You must deal with box junctions sooner or later. There are crossroads, T-junctions, unclear junctions, ones with traffic lights or filters.
The box junction is one of the more challenging forms, while some are simpler to manoeuvre than others.
Baffled or scared of going up to the terrifying yellow box?
As long as you are familiar with a few important box junction rules, they are actually rather easy to navigate, as explained in our guide.
What is a Yellow Box Junction?
Yellow box junctions are used to control traffic flow, therefore they’re typically located at busier junctions or T-junctions.
Even in areas with additional traffic control devices, such as traffic lights, you could probably find it impossible to drive.
Box junctions play a key role in preventing traffic when everyone complies with the rules. Road markings indicate box junctions.
That’s right, in addition to looking at the road as if traffic signs weren’t enough! Yellow hatching that is crisscrossed creates the “box.”
It creates a space that needs to be kept free at all times in order for traffic to go as smoothly as possible.
What if I Get Stuck on The Yellow Hatchings?
Not only is it against the law to become stuck in a box junction, but it may also be very annoying for other drivers. You’ll be clogging up traffic coming from other ways, forcing motorists to make risky manoeuvres to get around you.
But, as we are all aware, mistakes do occasionally occur.
Box Junction Rules
The Highway Code is a great resource for information on all driving regulations. Box junctions are covered under rule 174 in this situation. The rule’s first clause reads:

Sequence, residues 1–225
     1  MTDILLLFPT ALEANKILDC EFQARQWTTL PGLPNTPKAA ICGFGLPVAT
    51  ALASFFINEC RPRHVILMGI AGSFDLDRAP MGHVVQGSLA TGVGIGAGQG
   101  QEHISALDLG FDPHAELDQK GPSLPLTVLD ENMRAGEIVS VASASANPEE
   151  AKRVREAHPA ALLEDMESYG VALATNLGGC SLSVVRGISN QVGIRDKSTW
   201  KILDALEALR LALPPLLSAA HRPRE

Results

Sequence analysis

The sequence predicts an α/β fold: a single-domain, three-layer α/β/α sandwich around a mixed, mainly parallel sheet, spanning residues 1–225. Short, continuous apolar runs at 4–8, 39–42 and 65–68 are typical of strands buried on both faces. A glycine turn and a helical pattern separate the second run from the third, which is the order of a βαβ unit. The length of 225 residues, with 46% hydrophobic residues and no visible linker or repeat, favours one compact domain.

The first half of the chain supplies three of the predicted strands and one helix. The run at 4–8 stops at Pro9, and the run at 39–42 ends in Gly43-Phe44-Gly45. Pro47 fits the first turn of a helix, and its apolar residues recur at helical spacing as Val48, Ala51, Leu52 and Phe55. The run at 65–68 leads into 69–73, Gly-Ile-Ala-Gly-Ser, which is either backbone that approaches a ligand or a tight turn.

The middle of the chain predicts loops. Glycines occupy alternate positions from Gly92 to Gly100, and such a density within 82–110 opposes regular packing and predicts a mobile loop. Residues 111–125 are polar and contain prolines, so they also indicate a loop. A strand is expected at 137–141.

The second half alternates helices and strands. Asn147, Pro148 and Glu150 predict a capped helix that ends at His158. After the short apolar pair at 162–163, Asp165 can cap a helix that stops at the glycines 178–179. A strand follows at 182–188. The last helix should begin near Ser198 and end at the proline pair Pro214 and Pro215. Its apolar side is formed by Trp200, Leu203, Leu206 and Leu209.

“You MUST WAIT until your exit road or lane is clear before entering the box.”
This typically means that you cannot stop inside the box. There is one circumstance when this rule does not apply: when you intend to turn right. Let’s see how the law functions in real-life situations.
Turning Left or Going Straight
You must be able to drive through the box and emerge on the other side right away while turning left or continuing straight.
In reality, this means that you should always glance in the direction you want to go when you approach a box junction.
- Consider whether your car can pass the box if there is a line of stopped traffic on the road you want to join before continuing.
- If traffic is moving smoothly, make sure any vehicles in front of you can pass through the box junction and confirm that you can as well.
Only when making a right turn are you permitted to stop in a yellow box. Even if it may be necessary to wait for a break in oncoming traffic before turning, you must still ensure your exit way clear.
You must remain in the box until it is safe to turn right if such is the case.
- Drive carefully in the centre of the box until you are ready to begin your right turn to position your vehicle. Ahead traffic will be expecting you to be stopped in your lane, so be careful not to cross into their path.
- You can turn right and leave the yellow box when there is a safe space in the incoming traffic. When there is heavy traffic and the intersection is controlled by filter traffic signals, you might need to wait for the right arrow to illuminate before you can turn safely.
When your traffic signal goes red, you can still make your turn if you’re waiting to turn right at a box junction. In fact, taking advantage of the pause in traffic before the opposite traffic signals turn green is the safest course of action. In this way, you won’t obstruct traffic or slow down other motorists.
At busy intersections, cameras are frequently placed, and if there is a yellow box there, they can take pictures of automobiles that improperly stop inside the hatching. Yes, you will probably receive a fine if detected. How quickly you pay and where in the nation you are apprehended will determine how much you ultimately pay.